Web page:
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The Supreme Administrative Court in the Council of State headed by Counselor Majdī al-'Ajātī, ruled in favor of re-converters to Christianity and gave them the right to prove their religion on the national ID card and birth certificate.
The Court will still have to consider another 12 similar cases [al-Jumhūrīyah said 15 cases]. Furthermore, the Court criticized the Ministry of Interior Affairs for not executing the verdicts.
[Reviewer's Note: News story was also covered in al-Jumhūrīyah, page 15, October 4, 2011 and has no link online.]
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In Banī Mazār village, al-Minya governorate, al-Shaykh Fadl Secondary School refused to let a Coptic girl, first secondary grade, in for the eighth day running for refusing to wear a hijāb.
When the girl's father went to school to object the measure, the school administration filed a libel report against him.
The school had imposed hijāb on all Coptic girls. All schoolgirls wore hijāb in order to be allowed in except this girl.
Giza's security apparatus and the Artistic-Productions Investigation Department carried a campaign on a number of printing houses in Dokki (Duqqī), Imbābah and al-Warrāq for reprinting books not authorized for printing by its owners.
25 thousand books, seven thousand were calling for Shiism, were confiscated. Major General Ahmad Jamāl al-Dīn, Prime Minister of Interior for National Security, ordered to hold the seizures and to refer the owners of printing houses to the prosecution to take legal action against them.
A report on the situation of religious freedoms around the world - and countries that have failed to effectively protect them - was issued yesterday (September 14) by the U.S. Department of State. Middle Eastern and African countries were numerous, and Egypt was one of these countries to be reported on, noting the sectarian strife plaguing the country in the post-Mubārak era.
A proposed U.S. envoy designated to advocate for the rights of religious minorities in the Middle East is stirring controversy in Egypt, but supporters of the position in Washington say it is not meant to interfere in Egypt’s policies.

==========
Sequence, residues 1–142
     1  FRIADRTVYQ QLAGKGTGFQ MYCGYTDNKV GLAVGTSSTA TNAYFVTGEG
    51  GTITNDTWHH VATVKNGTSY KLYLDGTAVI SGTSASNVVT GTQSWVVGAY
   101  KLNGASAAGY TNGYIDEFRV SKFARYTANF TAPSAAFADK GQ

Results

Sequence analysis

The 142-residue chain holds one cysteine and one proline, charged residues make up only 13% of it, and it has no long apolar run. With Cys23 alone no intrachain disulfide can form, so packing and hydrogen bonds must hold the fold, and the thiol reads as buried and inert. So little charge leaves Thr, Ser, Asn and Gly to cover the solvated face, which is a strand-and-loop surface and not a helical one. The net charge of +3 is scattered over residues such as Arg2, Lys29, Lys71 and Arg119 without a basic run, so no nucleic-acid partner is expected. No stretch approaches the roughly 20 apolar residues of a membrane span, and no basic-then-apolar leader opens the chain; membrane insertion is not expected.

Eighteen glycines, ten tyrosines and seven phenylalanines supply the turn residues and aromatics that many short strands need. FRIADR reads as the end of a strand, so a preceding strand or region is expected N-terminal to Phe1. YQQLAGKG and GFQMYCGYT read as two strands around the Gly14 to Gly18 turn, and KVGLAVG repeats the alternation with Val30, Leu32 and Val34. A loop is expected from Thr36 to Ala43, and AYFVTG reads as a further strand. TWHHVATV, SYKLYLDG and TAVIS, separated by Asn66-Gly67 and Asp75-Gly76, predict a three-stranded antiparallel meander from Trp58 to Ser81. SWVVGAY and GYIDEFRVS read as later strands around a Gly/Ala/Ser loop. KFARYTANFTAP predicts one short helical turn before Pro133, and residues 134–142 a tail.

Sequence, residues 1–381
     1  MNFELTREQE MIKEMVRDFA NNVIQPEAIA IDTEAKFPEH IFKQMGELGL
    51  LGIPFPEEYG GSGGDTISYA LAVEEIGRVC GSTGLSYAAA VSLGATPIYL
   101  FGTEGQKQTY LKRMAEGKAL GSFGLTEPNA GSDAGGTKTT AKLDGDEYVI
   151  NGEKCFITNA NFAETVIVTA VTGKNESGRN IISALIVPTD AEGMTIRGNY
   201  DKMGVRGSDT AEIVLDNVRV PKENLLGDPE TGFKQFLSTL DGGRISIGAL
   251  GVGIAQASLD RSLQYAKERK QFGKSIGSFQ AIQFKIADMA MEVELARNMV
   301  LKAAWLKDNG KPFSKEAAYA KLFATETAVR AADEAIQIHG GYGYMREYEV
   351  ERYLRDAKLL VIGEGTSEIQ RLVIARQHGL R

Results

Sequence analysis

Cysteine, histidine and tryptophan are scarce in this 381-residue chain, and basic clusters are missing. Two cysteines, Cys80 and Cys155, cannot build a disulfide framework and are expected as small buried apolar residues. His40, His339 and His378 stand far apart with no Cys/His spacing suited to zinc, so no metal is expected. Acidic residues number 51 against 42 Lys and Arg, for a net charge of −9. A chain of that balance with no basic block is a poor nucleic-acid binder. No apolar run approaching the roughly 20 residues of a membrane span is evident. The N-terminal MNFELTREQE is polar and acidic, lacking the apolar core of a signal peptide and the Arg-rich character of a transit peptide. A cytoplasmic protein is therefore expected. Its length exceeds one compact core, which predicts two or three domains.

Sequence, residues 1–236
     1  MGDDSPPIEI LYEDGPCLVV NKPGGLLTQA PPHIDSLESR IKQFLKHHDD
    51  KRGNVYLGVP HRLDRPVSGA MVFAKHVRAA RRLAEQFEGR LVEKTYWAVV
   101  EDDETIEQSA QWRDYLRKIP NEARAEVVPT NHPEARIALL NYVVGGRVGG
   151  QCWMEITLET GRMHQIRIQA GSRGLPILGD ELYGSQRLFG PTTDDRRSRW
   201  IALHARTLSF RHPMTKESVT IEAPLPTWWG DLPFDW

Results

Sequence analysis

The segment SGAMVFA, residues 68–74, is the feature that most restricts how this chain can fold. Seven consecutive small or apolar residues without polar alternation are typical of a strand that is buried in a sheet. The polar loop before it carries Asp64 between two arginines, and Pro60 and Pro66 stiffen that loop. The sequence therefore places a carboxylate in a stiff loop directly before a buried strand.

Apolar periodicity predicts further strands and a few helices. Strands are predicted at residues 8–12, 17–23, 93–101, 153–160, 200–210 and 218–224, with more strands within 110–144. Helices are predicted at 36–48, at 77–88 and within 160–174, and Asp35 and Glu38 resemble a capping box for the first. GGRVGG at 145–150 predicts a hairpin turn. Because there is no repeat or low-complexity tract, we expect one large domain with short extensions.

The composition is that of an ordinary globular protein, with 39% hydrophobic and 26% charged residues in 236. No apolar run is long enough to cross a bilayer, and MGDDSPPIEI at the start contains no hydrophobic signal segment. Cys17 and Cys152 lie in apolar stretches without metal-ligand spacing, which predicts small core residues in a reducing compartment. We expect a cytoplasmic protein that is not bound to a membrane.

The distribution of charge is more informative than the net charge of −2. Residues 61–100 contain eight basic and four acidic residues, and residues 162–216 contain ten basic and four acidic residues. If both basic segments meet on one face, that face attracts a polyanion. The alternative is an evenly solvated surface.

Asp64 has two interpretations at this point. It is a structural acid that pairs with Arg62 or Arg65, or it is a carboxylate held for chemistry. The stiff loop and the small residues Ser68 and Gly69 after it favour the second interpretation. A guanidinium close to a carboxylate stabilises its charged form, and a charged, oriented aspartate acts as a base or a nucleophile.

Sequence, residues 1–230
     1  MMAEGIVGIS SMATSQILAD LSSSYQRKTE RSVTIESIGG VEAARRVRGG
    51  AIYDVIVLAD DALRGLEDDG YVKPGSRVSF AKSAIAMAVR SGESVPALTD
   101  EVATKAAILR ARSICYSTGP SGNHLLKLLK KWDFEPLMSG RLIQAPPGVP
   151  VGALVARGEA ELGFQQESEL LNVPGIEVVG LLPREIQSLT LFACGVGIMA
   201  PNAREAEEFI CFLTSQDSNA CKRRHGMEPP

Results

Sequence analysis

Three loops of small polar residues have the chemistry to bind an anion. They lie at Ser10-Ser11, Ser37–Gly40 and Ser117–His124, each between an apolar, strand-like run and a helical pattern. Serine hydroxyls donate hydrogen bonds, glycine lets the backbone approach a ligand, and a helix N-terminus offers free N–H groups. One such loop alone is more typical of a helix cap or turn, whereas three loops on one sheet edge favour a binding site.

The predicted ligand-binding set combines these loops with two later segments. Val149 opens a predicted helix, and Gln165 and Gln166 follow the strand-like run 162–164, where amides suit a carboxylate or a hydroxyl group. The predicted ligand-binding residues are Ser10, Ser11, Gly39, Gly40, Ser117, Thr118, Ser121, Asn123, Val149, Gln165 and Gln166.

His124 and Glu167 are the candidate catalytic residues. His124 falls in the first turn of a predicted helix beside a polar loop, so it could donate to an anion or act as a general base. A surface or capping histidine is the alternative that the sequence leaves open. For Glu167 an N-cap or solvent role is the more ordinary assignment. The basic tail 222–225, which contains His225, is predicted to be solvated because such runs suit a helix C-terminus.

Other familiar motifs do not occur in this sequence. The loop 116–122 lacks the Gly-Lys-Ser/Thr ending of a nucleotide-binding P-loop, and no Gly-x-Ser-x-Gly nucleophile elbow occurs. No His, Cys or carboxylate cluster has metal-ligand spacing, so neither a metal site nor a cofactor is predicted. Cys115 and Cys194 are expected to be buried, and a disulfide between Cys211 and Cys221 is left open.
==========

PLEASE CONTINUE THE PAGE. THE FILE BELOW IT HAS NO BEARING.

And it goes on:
'Alī al-Silmī, the deputy prime minister for political affairs, in a meeting on Friday, presented a document entitled "Basic Constitutional Principles" to a number of Egyptian political parties, seeking their views on the document's contents.
“During Mūbarak’s regime there were many restrictions on mosques that prevented them from performing many summer activities, while churches had greater freedom,” says Muhammad ‘Abd al-Qudūs, author of the article.
“Through the past years, Copts faced many problems in practicing their religious rites due to the minimal number of churches in many places” says Īhab Ramzī, the author of the article.
To be pious and religious is a wonderful thing but the problems begin when this devoutness turns into fanaticism or extremism, writes Yūḥannā Qultah Sa‘īd, Deputy Patriarch of the Coptic Catholic Church and former vice president of the World Council of Churches (WCC), in an opinion article.
Extremism strips human minds of any creativity and life of its meaning because extremists do not establish or seek justice except from their own perspective.
Religious extremism, on the other hand, is an insult to the Creator, Who wanted this variety and difference among mankind, and ignores the fact that only God Has the absolute truth.
By paying a little attention to the Supreme Council of the Armed Forces’ constitutional declaration, and noting the time required for both the People’s Assembly and Shura Council elections which require drafting and agreeing on a new constitution, we will notice clearly that Egypt will remain without a president until the year 2013.